Labor & Employment Workforce Watch

January 2020

A guide to the employment law developments most likely to impact your business.

To read the Locke Lord Labor & Employment Workforce Watch, click here.

In This Issue:

Hot Issue for 2020: U.S. Supreme Court to Rule on Sexual Orientation and Gender Identity Discrimination
As employers head into 2020, the most closely-watched federal employment law issue is whether Title VII of the Civil Rights Act of 1964’s prohibition against discrimination “on the basis of sex” includes sexual orientation and gender identity. read more

CCPA for Employers: 2020 Point of Collection Notices
The California Consumer Privacy Act (CCPA) became effective on January 1, 2020, creating a host of new data privacy rights for individuals, including the rights to have businesses disclose and delete personal information they collect. read more

Employers Are Reminded to Review Compliance With the Now-Effective New Overtime Rules as Soon as Possible
As most employers are aware, properly classified exempt employees are not eligible for overtime pay under the federal Fair Labor Standards Act (FLSA) for hours worked over 40 in a workweek. read more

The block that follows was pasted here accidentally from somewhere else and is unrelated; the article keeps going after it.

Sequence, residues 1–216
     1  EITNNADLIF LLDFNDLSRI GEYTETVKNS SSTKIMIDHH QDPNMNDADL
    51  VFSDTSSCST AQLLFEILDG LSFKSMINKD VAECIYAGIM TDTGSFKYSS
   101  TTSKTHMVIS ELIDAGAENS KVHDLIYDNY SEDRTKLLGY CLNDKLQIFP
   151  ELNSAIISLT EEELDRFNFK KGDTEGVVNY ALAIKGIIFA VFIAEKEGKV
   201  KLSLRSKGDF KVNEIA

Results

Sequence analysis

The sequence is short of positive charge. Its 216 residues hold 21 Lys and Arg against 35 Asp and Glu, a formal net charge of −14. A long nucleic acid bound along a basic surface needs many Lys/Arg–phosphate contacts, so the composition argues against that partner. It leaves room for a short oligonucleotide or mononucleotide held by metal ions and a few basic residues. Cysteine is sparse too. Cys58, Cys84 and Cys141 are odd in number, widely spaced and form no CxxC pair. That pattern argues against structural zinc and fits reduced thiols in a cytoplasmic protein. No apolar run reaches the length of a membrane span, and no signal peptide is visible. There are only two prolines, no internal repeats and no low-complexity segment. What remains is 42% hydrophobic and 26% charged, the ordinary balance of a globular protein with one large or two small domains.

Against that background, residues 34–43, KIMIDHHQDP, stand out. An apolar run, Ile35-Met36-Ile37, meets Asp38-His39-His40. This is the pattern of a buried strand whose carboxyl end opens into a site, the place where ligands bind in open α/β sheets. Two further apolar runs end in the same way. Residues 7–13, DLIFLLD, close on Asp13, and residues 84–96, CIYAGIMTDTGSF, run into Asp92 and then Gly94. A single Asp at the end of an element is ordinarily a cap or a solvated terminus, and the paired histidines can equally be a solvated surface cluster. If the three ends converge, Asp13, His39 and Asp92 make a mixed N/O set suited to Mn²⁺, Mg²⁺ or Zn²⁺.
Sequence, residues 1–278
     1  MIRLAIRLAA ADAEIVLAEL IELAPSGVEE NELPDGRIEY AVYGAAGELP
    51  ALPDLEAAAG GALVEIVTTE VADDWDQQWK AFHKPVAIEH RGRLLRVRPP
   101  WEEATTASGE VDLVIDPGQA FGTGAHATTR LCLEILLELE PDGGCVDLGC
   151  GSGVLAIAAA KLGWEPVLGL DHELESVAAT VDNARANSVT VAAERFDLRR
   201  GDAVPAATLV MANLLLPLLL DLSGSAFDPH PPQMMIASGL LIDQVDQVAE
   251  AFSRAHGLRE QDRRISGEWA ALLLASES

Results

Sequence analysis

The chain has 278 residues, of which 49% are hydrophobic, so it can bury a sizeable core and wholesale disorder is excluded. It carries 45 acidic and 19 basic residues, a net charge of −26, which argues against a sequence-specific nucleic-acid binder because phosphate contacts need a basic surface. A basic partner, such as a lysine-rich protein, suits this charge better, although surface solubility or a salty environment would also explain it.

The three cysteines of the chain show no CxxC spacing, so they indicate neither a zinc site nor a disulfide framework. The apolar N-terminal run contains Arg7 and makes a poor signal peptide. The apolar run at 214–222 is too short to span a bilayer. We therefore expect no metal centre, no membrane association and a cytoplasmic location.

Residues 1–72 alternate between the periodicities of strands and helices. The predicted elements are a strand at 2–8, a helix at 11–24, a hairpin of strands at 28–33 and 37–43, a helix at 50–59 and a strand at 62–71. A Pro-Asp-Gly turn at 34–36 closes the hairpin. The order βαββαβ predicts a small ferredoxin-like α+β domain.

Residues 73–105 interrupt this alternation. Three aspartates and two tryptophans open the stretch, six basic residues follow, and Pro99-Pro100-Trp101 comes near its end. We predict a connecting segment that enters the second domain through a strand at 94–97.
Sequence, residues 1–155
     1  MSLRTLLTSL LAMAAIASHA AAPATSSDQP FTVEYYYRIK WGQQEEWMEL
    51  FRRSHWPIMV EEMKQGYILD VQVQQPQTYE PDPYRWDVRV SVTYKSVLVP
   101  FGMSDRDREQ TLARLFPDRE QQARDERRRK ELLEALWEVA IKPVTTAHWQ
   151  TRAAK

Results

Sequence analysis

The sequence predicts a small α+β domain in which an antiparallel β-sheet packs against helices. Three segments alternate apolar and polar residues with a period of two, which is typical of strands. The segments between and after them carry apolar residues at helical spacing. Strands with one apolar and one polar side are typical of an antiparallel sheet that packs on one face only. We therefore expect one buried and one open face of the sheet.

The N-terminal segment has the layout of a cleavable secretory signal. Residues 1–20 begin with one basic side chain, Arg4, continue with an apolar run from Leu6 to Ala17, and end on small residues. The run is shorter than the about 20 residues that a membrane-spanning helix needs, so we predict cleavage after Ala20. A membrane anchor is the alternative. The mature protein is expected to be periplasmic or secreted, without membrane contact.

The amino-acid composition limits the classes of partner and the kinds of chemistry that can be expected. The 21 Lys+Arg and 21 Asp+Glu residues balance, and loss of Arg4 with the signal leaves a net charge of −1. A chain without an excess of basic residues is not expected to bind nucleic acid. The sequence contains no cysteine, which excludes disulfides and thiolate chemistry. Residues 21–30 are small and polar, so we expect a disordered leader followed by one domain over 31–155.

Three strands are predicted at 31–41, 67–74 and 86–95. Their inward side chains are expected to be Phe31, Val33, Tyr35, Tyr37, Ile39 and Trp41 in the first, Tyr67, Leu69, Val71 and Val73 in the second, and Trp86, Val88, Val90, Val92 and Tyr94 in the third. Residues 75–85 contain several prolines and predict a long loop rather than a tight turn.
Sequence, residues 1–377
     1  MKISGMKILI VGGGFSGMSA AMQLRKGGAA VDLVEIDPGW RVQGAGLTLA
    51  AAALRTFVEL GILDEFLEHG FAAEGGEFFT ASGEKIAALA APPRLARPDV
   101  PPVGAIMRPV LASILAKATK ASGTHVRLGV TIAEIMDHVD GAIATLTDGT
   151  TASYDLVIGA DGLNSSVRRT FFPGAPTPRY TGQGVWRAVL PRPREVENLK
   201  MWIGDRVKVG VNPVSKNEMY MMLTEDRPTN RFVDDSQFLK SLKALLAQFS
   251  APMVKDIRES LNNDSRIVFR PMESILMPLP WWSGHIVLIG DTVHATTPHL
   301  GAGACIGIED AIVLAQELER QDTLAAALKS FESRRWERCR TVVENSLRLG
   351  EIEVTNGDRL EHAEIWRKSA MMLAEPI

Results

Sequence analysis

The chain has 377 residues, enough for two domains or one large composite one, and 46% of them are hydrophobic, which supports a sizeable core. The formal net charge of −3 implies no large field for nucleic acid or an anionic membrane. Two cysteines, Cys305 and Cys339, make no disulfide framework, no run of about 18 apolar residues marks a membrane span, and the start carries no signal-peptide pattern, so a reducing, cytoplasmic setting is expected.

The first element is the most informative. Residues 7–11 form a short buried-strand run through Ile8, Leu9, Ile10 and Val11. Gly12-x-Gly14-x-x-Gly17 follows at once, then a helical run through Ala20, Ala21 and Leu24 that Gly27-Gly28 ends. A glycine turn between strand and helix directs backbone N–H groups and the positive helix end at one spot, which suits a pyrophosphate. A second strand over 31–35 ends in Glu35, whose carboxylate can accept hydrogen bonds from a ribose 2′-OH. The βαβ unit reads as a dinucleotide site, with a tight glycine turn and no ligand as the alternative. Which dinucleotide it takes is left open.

What to Expect From OSHA in 2020
The Occupational Safety and Health Administration (OSHA) stayed busy in fiscal year 2019. OSHA trained a record 1,392,611 workers on safety and health requirements through its various educational programs. read more

Year in Review: Notable 2019 Decisions Impacting Arbitration Agreements
2019 saw courts issue several significant decisions that have implications for employers nationwide who rely on arbitration agreements with their workforce. read more

Non-Compete Agreements: One Size May Not Fit All
In December 2019, the Economic Policy Institute (EPI) released a report that revealed a continued increase in the use of non-competition agreements in the workplace. read more

Status of Sick Leave Ordinances in Texas Cities
The City of Dallas Earned Paid Sick Time Ordinance (the “Dallas Ordinance”) went into effect on August 1, 2019 for employers with six (6) or more employees. read more

Commentary: Five Degrees of Independent Contractor Misclassification
“Independent contractor misclassification” is a phrase that is misunderstood, misapplied, and misused – constantly. read more